The federal government has ditched a raft of Labor’s taxation changes, including taxes on individual superannuation pension earnings above $100,000 and a $2000 cap on self-education.
Treasurer Joe Hockey and his assistant, Arthur Sinodinos, this morning announced the changes as a “step forward in clearing the desks”.
Hockey said the decision to remove Labor’s tax on superannuation pension earnings above $100,000 was made because the initiative was “undeliverable”.
“The fact is that it was nigh impossible for the private sector to properly identify who was responsible for that liability and how that was assessed,” he said.
“Super is crying out for stability and we are delivering that. People are saving for their retirement and we’re encouraging that.
“You cannot use superannuation as a milking cow on an ad hoc basis … this proposal which we are dumping today was not only massively complicated but it was basically undeliverable.”
Sinodinos said the advice the government received regarding the superannuation changes was that they were complex to administer.
Financial Services Council chief executive John Brogden said the government’s decision to cut the tax showed it was progressing in “returning certainty and stability to superannuation policy”.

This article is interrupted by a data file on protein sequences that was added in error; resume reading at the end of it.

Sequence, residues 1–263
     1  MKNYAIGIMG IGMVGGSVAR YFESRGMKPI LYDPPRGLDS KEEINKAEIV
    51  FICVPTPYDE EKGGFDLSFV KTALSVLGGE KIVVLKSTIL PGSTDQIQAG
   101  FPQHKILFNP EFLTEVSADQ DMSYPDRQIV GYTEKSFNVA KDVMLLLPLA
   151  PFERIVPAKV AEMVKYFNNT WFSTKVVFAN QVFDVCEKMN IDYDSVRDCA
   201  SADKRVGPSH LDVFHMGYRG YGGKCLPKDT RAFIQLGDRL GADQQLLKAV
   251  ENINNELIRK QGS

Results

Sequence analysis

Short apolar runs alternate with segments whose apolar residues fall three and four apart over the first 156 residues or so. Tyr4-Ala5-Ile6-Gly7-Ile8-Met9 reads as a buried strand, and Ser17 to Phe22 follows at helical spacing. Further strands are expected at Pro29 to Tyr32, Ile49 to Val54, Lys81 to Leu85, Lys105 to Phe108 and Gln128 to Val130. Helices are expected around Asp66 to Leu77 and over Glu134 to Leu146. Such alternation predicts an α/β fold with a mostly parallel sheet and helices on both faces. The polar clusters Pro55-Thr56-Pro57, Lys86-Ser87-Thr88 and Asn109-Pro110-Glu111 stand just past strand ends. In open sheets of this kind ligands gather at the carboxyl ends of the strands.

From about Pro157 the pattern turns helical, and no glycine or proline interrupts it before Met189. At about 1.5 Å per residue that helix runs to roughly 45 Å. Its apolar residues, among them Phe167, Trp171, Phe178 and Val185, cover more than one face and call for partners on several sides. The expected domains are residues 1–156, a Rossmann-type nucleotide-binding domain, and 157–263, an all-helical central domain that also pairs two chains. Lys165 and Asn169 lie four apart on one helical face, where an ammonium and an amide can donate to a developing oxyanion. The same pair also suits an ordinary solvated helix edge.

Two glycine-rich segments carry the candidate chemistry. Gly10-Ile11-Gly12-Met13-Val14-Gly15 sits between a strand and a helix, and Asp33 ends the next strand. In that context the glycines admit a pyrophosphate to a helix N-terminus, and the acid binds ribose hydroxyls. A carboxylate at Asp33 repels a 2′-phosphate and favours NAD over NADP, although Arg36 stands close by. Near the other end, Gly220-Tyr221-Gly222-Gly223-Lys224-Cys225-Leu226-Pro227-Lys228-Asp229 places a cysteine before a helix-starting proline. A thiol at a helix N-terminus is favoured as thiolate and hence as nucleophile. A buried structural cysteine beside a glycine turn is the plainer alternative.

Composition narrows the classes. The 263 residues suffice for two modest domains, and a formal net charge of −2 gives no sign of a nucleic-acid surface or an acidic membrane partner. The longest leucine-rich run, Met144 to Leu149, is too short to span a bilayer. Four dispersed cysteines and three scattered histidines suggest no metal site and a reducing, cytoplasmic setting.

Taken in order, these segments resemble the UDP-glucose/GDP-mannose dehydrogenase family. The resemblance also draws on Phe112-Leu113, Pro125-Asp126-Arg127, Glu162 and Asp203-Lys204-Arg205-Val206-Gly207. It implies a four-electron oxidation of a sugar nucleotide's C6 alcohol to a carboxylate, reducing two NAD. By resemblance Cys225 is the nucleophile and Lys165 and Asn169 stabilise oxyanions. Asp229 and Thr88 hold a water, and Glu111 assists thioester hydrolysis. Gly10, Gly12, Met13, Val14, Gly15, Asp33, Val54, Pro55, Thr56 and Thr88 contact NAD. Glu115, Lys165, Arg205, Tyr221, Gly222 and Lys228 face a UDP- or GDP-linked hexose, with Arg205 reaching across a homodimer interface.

“The former government’s $100,000 earnings tax on superannuation was rushed, complex and frankly unworkable,” Brogden said.
“Today’s announcement delivers on the government’s pre-election commitment of no negative changes to superannuation.
“It also clears the deck of a series of other unworkable and unnecessary tax measures. Australians must be able to grow their superannuation to provide an adequate retirement and the government has supported this.
“The anticipated revenue from the tax would not have been realised due to the flexibility in managing earnings in the SMSF [self-managed superannuation fund] sector.”
Source: Kate Kachor, Financial Observer http://www.financialobserver.com.au/articles/govt-takes-axe-to-labor-s-tax-plans
The AFR also reported that “A $1.8 billion fringe benefits tax on the car industry announced in April will go too.”
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